Green thumbs share joy, help community in Exhibition Gardens
SHARING the joy of their gardens and helping the community are the twin goals of participants in the Toowoomba Exhibition Gardens.
And they've done that in spades (no pun intended), raising $645,000 for charity since the program began back in 1973 as part of the Carnival of Flowers, at the behest of then 10-times garden competition winner Ces Swenson.
Committee president of some 35 years, Michael Frainey was just a teen, visiting Toowoomba from "up north", when he drove down for that first exhibition.
Little did he know that he and his parents would move to the area the following year and he would soon exhibit his own garden, never mind joining and then leading the exhibition gardens committee.
"I'm a plant-aholic," Michael admitted with a laugh. "But there are worse things you could be!"
Each year 4-6 gardens are exhibited, and gate-takings are shared among specific charities, volunteers from which sell and collect tickets.
This year's gardens include old favourites as well as the exhibition's first totally native garden, but Michael said even those who have shown previously incorporate something new each year.
Adrian and Gail Wockner - 5 Horizon Crt, Highfields - are opening their large native garden for the first time, with funds going to LifeFlight (formerly CareFlight).
Phillip and Marjorie Martin - 17 Dallang Rd, Middle Ridge - have been exhibiting their beautiful, sprawling garden of over .4ha (1 acre) for 23 years, with donations to Anglicare.
Val Peachey - 5 Fern Dr, Kearneys Spring - is always adding to her beautiful cottage garden, started with her late husband, Ron, a teacher, with donations going to Life Education.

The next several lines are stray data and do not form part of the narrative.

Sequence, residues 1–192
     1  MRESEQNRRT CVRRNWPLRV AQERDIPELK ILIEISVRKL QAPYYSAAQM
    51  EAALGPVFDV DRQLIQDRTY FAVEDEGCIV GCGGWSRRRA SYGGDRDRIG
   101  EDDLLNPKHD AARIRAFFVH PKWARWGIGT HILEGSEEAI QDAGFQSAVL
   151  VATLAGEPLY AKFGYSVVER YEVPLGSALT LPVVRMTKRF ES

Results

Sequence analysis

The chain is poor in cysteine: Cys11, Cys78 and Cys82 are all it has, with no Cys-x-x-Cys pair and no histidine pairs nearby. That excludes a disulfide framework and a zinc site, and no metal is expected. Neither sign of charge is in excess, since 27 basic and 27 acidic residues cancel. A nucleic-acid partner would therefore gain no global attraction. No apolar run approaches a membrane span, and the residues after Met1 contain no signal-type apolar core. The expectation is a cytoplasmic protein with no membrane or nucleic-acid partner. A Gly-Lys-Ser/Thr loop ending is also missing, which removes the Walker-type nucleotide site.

Finally, Anne and Mark O'Brien - 79 North St, Harlaxton - are donating funds from entry to their cottage garden to AEIOU (for children with autism).
Michael said while the gardens definitely had the "wow factor", unlike the competition gardens, exhibitors didn't have to please judges or anyone but themselves in what they presented.
They are "year-round gardens", meaning visitors can see what they can achieve in their own backyards, and often chat to the gardeners themselves.
Also a weekly volunteer at the Toowoomba Visitor Information Centre, Michael said the regret he heard most was that guests had not allowed enough time to see everything the area had to offer -a pretty good complaint.
He said the exhibition gardens were a wonderful part of the Carnival of Flowers experience, which continued to progress, adding "the parks have improved 100-fold over the past 20 years or so".
All four exhibition gardens are open 9am-5pm from September 21-30. Entry is $5 to any individual garden, $10 for any three gardens or all four for $12. Morning tea is available at both the Martin and Wockner gardens.
For more details go to, toowoombaexhibitiongardens.com or for more on this year's Carnival of Flowers - incorporating flowers, food and wine, music, art and more go to, tcof.com.au.